True or not, expect more mudslinging in race for governor


While fact checkers dig through financial filings, voting records and the claims shot back and forth between candidates in political ads for statewide office, one thing is for sure, there’s more to come.

Expect to see negative ads up to election day.

Voters got a breather after March where in the run up to the primary election the airwaves were flooded with political ads from all sides. Some got higher marks for accuracy than others. Incumbent Gov. Bruce Rauner, who is independently wealthy, ran ads saying his Republican primary challenger Jeanne Ives was House Speaker Michael Madigan’s favored candidate. Ives said Rauner’s ads were full of lies.

Democrats challenging eventual Democratic gubernatorial nominee J.B. Pritzker, who is also independently wealthy, used what money they had in the primary to blast Pritzker. With months to go before the November election, Rauner has turned those Democrat’s words back against Pritzker, even though all those candidates have since endorsed Pritzker.

Rauner has for months been hitting Pritzker for taking toilets out of a spare mansion to get a property tax break, and aired FBI wiretap recordings between Pritzker and now imprisoned former Gov. Rod Blagojevich.

Pritzker’s latest ads say Rauner hasn’t “given any thought” to the illegal immigrant child separation policy dominating national headlines. Rauner has publicly denounced the practice. The Pritzker ad also claims that Rauner is the owner of a company that gets millions to keep kids from their parents. 

Rauner’s campaign said Pritzker is “peddling lies.”

“Pritzker’s latest ad intentionally misrepresents the facts of an unsubstantiated story to weave a false and deceitful narrative,” Rauner campaign spokesman Alex Browning said. “The Pritzker campaign should immediately take down this dishonest and shameful ad.”

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The State Journal-Register reported the Pritzker campaign stands by the ad.

Comments Pritzker’s campaign shared with Illinois News Network late Thursday doubled down on the ad.

“The fact is, Democrats and Republicans across the country immediately spoke out against Donald Trump’s inhumane policy, with governors of both parties even going so far as to recall their National Guard troops from the border or say they will not send them,” Pritzker spokeswoman Galia Slayen said in an email, “but Bruce Rauner was too busy applauding Trump that he hadn’t given it ‘any thought’. Now, we learn that Rauner is an owner of a company that has been paid to help keep children separated from their families. That’s disgraceful and disgusting.”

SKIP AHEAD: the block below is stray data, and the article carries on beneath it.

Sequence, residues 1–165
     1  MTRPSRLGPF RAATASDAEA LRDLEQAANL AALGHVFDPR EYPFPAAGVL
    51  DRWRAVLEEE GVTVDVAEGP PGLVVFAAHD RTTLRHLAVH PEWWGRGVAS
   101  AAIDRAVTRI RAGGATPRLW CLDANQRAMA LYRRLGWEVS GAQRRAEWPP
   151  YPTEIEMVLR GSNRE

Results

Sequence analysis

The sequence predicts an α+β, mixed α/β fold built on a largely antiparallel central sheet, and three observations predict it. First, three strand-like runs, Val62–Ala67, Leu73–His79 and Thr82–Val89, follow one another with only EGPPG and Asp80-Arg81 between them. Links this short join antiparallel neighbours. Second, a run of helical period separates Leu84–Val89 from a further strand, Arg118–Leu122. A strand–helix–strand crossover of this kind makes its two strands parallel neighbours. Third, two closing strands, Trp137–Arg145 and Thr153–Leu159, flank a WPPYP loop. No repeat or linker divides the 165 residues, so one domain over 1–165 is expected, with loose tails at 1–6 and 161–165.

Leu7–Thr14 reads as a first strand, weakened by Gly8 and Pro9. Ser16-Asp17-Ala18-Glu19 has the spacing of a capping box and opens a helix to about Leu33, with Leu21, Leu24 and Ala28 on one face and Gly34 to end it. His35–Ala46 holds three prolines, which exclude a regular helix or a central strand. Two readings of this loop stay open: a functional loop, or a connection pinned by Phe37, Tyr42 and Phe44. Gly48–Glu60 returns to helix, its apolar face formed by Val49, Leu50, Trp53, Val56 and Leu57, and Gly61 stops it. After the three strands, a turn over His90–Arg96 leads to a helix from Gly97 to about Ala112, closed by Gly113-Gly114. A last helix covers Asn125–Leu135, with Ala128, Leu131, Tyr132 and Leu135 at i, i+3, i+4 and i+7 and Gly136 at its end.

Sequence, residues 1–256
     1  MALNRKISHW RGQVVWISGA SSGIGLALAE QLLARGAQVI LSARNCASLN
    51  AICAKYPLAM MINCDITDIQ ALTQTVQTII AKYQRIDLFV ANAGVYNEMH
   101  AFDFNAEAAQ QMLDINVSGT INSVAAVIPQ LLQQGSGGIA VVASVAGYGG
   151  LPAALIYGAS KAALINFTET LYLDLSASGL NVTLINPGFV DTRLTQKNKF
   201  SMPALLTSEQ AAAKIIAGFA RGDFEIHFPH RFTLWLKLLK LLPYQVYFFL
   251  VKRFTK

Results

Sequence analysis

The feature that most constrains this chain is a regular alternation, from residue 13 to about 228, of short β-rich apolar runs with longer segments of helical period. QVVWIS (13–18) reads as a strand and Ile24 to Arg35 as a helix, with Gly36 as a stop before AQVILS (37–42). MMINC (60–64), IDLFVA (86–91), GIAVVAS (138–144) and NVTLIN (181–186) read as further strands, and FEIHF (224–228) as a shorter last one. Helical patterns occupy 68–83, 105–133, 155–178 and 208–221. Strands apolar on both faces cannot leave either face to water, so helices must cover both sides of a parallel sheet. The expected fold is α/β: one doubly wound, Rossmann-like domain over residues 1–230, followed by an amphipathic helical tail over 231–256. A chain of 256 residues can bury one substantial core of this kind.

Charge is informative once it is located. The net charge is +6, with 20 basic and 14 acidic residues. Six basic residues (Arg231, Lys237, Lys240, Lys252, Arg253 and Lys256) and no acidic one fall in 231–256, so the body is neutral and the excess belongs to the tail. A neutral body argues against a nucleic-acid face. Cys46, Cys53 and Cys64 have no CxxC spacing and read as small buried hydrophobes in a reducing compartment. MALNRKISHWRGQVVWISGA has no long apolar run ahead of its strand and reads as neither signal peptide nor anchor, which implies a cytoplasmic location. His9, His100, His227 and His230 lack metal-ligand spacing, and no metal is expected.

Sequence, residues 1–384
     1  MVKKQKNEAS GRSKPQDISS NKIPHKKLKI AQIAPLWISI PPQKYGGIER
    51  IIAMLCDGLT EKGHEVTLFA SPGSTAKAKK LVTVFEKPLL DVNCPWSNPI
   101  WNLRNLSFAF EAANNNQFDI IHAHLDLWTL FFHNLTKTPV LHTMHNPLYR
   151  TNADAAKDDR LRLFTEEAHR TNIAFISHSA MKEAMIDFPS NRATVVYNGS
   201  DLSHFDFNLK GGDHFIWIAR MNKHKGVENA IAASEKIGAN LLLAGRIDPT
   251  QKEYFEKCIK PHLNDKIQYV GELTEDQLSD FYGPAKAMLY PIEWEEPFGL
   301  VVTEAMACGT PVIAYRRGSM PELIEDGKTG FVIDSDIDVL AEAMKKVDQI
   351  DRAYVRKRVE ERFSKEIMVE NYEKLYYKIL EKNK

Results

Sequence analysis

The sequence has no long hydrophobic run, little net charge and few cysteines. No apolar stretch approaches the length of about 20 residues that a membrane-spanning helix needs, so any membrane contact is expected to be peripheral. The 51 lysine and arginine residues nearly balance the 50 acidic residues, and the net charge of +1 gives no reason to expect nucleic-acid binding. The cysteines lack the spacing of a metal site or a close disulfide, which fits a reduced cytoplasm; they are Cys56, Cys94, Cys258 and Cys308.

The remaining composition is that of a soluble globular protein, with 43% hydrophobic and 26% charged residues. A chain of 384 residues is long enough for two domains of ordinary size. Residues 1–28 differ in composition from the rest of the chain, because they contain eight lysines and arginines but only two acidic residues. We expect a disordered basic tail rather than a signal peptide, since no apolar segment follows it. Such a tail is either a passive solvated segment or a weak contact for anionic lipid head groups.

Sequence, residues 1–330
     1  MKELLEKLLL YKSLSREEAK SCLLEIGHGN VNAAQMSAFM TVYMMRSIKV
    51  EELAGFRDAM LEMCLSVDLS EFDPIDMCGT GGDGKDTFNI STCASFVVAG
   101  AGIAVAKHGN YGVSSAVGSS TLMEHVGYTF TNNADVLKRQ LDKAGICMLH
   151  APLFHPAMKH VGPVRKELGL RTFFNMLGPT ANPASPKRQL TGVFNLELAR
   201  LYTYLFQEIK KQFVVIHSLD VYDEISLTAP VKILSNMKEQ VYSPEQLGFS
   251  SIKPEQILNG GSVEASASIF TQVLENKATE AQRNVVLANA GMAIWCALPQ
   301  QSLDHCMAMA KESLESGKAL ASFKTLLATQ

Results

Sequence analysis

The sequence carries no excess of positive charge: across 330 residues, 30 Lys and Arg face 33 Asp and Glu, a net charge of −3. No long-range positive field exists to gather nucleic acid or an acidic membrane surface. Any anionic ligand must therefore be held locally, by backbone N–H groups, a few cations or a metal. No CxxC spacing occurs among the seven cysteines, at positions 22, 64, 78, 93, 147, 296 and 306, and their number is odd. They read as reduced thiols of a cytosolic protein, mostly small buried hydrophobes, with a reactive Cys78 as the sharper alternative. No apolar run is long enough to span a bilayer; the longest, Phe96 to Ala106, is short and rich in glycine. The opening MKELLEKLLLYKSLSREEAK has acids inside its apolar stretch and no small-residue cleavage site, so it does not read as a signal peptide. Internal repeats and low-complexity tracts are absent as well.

University of Illinois political science professor Christopher Mooney said most people who follow politics know what’s happening on a national level. Fewer follow state politics. That’s one reason negative political ads work.

“You know, ‘that guy’s an S.O.B. because he tried to rip off the taxes and this guy is trying to hurt immigrants at the border,’ stuff like that,” Mooney said. “You sort of feel it, but you don’t think about it too much.”

If a candidate wants to take legal action to correct a blatant lie, Mooney said it’s usually too little, too late.

“To really stop that you’d have to be pretty blatant and you’d have to go to court and that takes time and the ad is up in the meantime,” Mooney said. “Or sometimes you get it throw up right before the elections before there’s time to do anything about it.”

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For the Illinois governor’s race, Mooney said the two major party candidates have “more money than they know what to do with,” so expect to get berated with negative ads, no matter the cost.

“You got 10 media markets,” Mooney said. “You’ve got to advertise in St. Louis, you got to advertise in Paducah (Kentucky) so you’re wasting a ton of money because you’re advertising to people out of state.”

Mooney said Rauner has a record Pritzker will pick apart and Rauner will have to respond by defining Pritzker a certain way.

“Because it’s all negative, because they don’t have positive stuff to say about themselves and the negative stuff fits more, we’re going to get pounded and pounded and pounded with negative ads for the next five months,” Mooney said.

That will be a lot of ad revenue for media outlets.

The Illinois Campaign for Political Reform already puts total raised funds between Rauner and Pritzker at more than $180 million and it’s expected to be the most expensive governor’s race in U.S. history.





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